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Facebook Bars Software Developers from Using social network’s Data to create surveillance tools

police were using location data and other user information to spy on protesters in places such as Ferguson, Missouri.

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FILE - In this May 16, 2012, file photo, the Facebook logo is displayed on an iPad.VOA

US, March 16, 2017: Facebook barred software developers on Monday from using the massive social network’s data to create surveillance tools, closing off a process that had been exploited by U.S. police departments to track protesters.

Facebook, its Instagram unit and rival Twitter came under fire last year from privacy advocates after the American Civil Liberties Union (ACLU) said in a report that police were using location data and other user information to spy on protesters in places such as Ferguson, Missouri.

In response to the ACLU report, the companies shut off the data access of Geofeedia, a Chicago-based data vendor that said it works with organizations to “leverage social media,” but Facebook policy had not explicitly barred such use of data in the future.

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“Our goal is to make our policy explicit,” Rob Sherman, Facebook’s deputy chief privacy officer, said in a post on the social network on Monday. He was not immediately available for an interview.

The change would help build “a community where people can feel safe making their voices heard,” Sherman said.

Racially charged protests broke out in the St. Louis suburb of Ferguson in the aftermath of the August 2014 shooting of black teenager Michael Brown by a white police officer.

In a 2015 email message, a Geofeedia employee touted its “great success” covering the protests, according to the ACLU report based on government records.

Representatives of Geofeedia could not immediately be reached for comment on Monday. The company has worked with more than 500 law enforcement agencies, the ACLU said.

Geofeedia Chief Executive Officer Phil Harris said in October that the company was committed to privacy and would work to build on civil rights protections.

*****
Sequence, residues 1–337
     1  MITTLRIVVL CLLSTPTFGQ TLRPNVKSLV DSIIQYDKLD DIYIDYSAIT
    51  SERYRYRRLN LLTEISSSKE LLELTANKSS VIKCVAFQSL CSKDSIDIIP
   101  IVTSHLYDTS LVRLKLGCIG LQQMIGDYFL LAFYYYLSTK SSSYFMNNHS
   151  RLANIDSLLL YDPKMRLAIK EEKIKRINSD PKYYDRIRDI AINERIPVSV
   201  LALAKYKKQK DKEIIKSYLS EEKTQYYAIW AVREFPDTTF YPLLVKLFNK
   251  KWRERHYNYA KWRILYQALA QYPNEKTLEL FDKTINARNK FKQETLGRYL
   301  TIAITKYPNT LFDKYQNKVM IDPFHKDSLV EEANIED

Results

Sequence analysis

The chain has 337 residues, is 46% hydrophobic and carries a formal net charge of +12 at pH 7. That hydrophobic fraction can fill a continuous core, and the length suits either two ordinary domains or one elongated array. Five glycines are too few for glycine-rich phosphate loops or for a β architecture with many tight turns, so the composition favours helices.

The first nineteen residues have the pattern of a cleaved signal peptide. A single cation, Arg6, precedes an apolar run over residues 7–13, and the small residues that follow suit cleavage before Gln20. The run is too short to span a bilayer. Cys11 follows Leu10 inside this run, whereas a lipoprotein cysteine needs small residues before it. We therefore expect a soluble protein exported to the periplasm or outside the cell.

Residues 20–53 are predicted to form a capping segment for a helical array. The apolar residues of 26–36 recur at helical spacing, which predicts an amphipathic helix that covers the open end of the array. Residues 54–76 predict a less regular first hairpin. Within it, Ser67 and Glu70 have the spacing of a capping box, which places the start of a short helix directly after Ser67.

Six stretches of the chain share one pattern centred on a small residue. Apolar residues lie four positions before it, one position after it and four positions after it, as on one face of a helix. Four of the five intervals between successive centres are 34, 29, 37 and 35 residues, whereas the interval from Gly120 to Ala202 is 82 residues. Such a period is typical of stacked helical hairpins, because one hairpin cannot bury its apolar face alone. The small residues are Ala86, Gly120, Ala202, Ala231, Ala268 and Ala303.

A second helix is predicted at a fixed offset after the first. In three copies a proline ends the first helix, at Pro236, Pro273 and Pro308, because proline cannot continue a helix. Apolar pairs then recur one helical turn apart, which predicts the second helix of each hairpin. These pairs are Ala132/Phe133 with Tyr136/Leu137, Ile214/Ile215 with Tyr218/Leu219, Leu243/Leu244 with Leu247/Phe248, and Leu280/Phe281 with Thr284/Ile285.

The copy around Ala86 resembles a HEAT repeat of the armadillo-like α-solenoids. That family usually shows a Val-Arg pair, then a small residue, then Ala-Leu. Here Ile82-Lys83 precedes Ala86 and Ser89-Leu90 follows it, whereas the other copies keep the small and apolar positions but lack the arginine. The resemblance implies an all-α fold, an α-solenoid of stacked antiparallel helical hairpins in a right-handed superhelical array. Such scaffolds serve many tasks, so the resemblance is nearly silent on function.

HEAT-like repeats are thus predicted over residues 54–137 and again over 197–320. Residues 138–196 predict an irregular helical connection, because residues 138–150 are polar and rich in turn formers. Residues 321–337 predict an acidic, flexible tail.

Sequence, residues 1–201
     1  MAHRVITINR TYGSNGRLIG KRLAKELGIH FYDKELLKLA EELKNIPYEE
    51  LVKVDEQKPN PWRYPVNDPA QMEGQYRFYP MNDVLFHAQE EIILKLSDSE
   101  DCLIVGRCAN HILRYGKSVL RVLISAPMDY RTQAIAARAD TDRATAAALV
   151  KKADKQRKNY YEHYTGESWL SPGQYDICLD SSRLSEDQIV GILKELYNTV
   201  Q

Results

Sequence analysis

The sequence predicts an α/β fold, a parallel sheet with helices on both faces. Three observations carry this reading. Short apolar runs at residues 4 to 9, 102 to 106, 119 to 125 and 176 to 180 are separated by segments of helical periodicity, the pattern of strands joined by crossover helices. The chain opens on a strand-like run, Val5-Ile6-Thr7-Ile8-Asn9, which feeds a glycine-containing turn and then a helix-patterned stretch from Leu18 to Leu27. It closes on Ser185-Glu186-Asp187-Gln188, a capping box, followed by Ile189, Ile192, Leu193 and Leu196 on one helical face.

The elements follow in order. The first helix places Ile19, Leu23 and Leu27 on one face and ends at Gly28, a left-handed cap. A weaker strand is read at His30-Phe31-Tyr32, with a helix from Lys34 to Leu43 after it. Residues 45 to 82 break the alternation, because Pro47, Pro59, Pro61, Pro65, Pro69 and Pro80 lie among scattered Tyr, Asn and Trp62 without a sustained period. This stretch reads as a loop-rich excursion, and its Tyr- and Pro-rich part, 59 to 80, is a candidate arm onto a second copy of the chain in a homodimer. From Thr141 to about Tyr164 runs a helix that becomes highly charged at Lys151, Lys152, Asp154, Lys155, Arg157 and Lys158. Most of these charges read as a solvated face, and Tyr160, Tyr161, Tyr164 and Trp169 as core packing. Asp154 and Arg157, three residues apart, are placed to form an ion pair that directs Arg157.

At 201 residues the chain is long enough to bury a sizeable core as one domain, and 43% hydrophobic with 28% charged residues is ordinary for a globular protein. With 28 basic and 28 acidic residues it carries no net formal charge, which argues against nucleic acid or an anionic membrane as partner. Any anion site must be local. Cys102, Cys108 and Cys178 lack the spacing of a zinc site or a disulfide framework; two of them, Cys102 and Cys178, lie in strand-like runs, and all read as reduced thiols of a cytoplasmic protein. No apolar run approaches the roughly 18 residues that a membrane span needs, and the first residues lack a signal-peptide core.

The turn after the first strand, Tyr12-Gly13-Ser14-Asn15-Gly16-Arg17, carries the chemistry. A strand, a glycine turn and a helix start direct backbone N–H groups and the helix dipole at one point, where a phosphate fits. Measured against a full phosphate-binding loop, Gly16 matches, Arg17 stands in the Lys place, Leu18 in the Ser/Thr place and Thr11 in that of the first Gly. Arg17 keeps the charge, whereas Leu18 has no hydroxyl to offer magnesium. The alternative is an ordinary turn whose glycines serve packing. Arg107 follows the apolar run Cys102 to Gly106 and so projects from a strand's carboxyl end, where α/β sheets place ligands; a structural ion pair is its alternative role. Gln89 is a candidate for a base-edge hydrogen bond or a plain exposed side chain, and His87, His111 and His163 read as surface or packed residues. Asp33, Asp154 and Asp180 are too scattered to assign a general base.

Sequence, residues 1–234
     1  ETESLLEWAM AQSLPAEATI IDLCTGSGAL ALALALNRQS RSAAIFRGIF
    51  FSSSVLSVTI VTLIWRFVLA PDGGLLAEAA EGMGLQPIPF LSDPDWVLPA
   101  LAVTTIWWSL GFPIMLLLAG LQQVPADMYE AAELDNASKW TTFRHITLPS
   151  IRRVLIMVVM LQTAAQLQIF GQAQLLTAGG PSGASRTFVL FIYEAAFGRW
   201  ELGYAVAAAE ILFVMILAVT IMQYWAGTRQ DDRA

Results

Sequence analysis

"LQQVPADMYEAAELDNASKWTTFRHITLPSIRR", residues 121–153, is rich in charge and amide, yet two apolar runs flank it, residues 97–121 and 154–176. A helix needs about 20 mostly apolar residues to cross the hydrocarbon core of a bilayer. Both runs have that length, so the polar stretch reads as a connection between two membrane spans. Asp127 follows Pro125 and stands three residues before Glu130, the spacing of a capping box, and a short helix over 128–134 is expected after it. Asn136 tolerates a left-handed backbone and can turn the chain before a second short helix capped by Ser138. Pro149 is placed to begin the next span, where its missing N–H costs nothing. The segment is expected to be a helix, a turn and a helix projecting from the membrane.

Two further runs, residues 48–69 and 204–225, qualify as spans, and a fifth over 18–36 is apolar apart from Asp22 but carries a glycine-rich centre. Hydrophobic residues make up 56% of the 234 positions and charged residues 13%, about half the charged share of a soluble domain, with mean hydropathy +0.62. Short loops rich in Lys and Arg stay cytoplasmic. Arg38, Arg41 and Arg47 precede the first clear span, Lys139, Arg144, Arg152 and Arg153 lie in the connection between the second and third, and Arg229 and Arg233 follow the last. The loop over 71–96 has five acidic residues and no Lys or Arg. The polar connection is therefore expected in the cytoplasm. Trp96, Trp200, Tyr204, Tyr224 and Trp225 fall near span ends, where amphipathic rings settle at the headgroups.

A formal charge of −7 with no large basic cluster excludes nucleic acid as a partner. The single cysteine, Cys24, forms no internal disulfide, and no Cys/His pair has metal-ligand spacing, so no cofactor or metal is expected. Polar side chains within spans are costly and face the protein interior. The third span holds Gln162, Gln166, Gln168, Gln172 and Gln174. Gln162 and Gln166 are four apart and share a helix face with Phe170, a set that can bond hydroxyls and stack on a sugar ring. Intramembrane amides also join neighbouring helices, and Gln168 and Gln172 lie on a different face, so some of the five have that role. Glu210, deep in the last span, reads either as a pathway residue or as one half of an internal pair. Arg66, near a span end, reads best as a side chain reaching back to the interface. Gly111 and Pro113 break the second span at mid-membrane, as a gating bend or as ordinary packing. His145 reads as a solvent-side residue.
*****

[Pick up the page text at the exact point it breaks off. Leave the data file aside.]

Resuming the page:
Major social media platforms including Twitter and Alphabet Inc’s YouTube have taken action or implemented policies similar to Facebook’s, said Nicole Ozer, technology and civil liberties policy director at the ACLU of Northern California.

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Ozer praised the companies’ action but said they should have stopped such use of data earlier. “It shouldn’t take a public records request from the ACLU for these companies to know what their developers are doing,” she said.

It was also unclear how the companies would enforce their policies, said Malkia Cyril, executive director of the Center for Media Justice, a nonprofit that opposes government use of social media for surveillance.

Inside corporations, “is the will there, without constant activist pressure, to enforce these rules?” Cyril said. (VOA)

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Instagram to Now Ask New Users to Provide Their Birthdate

Users will soon be able to restrict new messages from only people and groups they follow. The feature will arrive in the coming weeks

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Instagram app logo is displayed on a mobile screen in Los Angeles. VOA

Facebook-owned photo-sharing platform Instagram will now ask new users for their date of birth when an account is created.

Previously, Instagram users were required to confirm they were ages 13 or older when signing up, but they didn’t have to provide an exact birthday.

The new addition is Instagram’s attempt to better protect young users and provide a ‘more age-appropriate experience overall’.

“According to our Terms of Use, you must be at least 13-years old to have an account in most countries. Asking for this information will help prevent underage people from joining Instagram, help us keep young people safer and enable more age-appropriate experiences overall. Your birthday will not be visible to others on Instagram, but you’ll be able to see it when viewing your own private account information,” the company said a statement on Wednesday.

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Facebook, Messenger and Instagram apps are displayed on an iPhone, March 13, 2019, in New York. VOA

The firm noted that it will pull birthdates from Facebook for user’s who have connected their profile and editing your birth date on Facebook will do the same on Instagram.

For those who do not have a Facebook account, they can add or edit their date of birth directly on Instagram.

Also Read: TikTok Prevents Disabled Users’ Videos From Going Viral: Report

Additionally, Instagram is also preparing a new feature to prevent strangers from sliding into your direct messages.

Users will soon be able to restrict new messages from only people and groups they follow. The feature will arrive in the coming weeks. (IANS)